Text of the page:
24. 24. Integrates a variety of resources and assistance</li></ul>Villages Strive for Independence, Dignity and Connection to Community for Older Adults<br />
    25. 25. Villages Foster a Stronger Sense of Community<br />Governance/Civic Engagement<br />Non Profit, 501(c) 3 organizations<br />Membership governed through Board of Directors<br />Funding<br />Funded through membership fees and private fundraising<br />No public support<br />Supports and Services<br />Provide one stop, one call for community members<br />Facilitate connection to existing community services<br />Currently targeted to moderate income but includes low-income<br />Membership Plus model allows for lower income individuals to participate<br />
    26. 26. Core or concierge service met with a volunteer<br />Some Examples<br /><ul><li> Home Health
    27. 27. Lawn
    28. 28. Electrician
    29. 29. Plumber
    30. 30. Painting</li></ul>Concierge service met with a vendor at a discounted rate<br />Trained Village Staff or Office Volunteer Triages Request<br />Member calls or emails Village office with request<br />Member signed up for event or ongoing service/support<br />Member contacted for feedback on quality of service<br />Professional Village staff help navigate challenge<br />Consumer-Driven Organizations Create Flexibility in Services Offerings<br />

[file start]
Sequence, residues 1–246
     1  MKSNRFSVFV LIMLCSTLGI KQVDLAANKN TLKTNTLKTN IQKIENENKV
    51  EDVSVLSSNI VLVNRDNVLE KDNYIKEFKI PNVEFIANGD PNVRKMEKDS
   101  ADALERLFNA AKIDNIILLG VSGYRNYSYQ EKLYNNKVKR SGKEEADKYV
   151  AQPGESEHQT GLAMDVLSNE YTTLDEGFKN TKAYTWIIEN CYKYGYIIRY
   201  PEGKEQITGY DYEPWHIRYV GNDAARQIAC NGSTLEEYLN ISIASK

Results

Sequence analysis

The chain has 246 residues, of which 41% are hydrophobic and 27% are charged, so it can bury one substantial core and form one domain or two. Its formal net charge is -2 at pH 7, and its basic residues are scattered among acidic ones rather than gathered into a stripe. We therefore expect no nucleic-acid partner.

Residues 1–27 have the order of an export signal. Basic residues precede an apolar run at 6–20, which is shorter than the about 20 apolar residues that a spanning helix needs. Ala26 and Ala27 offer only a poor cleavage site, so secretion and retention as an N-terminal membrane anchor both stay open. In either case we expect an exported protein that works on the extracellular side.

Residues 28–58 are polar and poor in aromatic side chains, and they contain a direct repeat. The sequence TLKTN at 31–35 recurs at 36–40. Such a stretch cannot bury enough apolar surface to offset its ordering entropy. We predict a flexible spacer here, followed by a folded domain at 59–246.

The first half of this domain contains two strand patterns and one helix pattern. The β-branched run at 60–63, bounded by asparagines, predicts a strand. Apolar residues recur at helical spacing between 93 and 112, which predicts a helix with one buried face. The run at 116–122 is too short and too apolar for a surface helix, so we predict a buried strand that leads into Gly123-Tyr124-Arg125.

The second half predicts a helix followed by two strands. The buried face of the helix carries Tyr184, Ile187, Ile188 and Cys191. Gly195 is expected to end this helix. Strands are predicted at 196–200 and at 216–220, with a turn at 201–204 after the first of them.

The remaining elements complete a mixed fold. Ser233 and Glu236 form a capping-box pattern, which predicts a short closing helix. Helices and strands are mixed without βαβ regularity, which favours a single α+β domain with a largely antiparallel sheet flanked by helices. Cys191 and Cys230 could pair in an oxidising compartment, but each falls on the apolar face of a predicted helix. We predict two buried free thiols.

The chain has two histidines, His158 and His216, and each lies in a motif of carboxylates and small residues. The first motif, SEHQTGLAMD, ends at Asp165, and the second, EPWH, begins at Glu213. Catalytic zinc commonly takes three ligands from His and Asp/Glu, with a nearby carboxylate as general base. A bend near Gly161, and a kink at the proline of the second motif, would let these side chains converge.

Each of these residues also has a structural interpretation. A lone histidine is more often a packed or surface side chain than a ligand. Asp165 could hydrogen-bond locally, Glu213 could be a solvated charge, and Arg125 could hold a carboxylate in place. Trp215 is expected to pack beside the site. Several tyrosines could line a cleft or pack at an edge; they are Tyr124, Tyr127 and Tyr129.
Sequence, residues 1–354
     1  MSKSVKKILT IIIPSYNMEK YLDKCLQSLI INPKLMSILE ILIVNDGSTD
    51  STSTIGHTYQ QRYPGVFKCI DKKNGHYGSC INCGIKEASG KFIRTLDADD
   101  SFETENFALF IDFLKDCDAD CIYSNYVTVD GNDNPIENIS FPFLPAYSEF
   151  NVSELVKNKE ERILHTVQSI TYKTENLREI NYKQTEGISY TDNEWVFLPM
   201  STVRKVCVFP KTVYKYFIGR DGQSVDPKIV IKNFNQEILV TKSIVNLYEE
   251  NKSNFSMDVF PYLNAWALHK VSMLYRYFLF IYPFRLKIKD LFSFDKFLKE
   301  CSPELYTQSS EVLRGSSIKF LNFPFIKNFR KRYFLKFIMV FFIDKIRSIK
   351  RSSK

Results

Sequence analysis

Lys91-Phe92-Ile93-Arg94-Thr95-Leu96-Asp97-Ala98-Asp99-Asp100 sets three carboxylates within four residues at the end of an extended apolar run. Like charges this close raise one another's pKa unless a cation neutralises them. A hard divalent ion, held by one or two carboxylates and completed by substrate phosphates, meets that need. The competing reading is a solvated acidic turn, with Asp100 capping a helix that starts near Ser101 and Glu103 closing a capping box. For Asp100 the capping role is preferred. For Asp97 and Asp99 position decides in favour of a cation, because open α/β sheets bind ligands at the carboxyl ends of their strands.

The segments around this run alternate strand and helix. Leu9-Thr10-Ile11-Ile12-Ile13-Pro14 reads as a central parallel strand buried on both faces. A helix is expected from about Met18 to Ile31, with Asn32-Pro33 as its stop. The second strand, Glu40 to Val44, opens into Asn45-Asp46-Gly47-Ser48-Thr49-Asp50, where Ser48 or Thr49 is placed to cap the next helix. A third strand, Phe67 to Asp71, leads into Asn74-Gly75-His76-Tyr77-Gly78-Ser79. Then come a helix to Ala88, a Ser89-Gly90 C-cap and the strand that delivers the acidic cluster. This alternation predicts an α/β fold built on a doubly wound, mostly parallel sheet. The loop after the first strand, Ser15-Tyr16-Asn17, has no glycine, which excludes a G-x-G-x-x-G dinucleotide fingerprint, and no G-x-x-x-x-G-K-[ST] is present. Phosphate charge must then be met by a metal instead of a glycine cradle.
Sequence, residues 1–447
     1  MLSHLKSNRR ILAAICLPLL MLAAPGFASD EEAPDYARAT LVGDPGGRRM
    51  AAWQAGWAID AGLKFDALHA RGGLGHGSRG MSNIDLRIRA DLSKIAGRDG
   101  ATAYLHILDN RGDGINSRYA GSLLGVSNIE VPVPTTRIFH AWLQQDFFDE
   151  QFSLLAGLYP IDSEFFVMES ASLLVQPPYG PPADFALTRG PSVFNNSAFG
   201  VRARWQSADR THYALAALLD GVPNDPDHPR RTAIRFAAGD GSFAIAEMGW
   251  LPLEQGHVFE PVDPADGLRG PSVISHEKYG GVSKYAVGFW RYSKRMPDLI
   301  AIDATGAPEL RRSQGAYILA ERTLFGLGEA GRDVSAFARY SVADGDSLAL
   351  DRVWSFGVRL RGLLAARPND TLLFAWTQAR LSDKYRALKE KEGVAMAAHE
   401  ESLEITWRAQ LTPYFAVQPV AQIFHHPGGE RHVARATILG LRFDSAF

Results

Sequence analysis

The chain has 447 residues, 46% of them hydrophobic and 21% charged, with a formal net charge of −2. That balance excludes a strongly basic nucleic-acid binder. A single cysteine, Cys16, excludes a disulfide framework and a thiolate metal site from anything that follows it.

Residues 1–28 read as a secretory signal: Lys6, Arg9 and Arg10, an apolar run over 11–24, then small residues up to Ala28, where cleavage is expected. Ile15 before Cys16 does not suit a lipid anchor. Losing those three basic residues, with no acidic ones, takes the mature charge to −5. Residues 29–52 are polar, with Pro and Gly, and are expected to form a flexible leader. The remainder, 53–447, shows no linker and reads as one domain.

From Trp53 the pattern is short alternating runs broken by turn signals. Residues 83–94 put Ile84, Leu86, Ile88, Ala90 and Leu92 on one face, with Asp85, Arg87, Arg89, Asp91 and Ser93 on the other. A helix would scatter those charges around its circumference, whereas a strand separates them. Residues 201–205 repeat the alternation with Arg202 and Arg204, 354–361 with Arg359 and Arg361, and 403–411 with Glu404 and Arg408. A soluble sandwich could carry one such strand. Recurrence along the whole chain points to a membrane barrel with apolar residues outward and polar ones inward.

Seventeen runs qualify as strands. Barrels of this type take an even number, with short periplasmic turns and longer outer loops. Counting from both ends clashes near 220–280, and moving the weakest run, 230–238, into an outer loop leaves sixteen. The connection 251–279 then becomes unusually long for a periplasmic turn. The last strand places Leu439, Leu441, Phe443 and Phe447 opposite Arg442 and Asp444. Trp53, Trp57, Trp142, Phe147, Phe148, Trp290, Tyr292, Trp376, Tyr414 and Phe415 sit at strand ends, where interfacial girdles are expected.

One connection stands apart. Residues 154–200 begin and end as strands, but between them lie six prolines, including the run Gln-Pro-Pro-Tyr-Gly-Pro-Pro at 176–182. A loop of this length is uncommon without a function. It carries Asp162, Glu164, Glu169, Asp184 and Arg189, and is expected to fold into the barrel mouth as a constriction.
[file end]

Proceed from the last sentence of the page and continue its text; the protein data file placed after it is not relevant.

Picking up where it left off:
31. 31. Communities Engaged in Village<br />4-9<br />15-25<br /> 1-3<br /> 10-14<br />Existing Villages (55 total open and operating)<br />Source: Beacon Hill Village TA Database and NCB Capital Impact Analysis<br />Currently 55 Villages Open and Over 120 Communities in Development Phase<br />District of Columbia <br />
    32. 32. Connection to Community is the Promise of Village Movement<br />Village model provides a new way to address connection of community supports and housing for older adults<br />Maximizes community assets to create holistic system<br />Strengthens community and creates non-traditional supports<br />Provides opportunity for civic engagement and “voice” for local planning<br />
    33. 33. Social Connections and Living in Community Impact Health and Policy Outcomes<br />Research on Social Relationships – Brigham Young University<br />Social relationships linked to mental health, morbidity and mortality<br />Civic Engagement<br />Reduces social isolation<br />Increases sense of belonging and value<br />
    34. 34. Villages can Connect Planners to Older Adults in Community<br />Involving Village members in local planning<br />Older adults will take on sense of ownership of project or plan<br />Become the champions within the community<br />Capitalize upon the expertise of older adults<br />Challenges and barriers<br />Preferences and needs<br />Innovations and solutions<br />
    35. 35. Question & Answers <br />
    36. 36. For More Information <br />Candace Baldwin <br />Senior Policy Advisor<br />NCB Capital Impact<br />Center for Excellence in Long-Term Supports Innovations<br />cbaldwin@ncbcapitalimpact.org<br />(703) 647-2352<br />www.ncbcapitalimpact.org<br />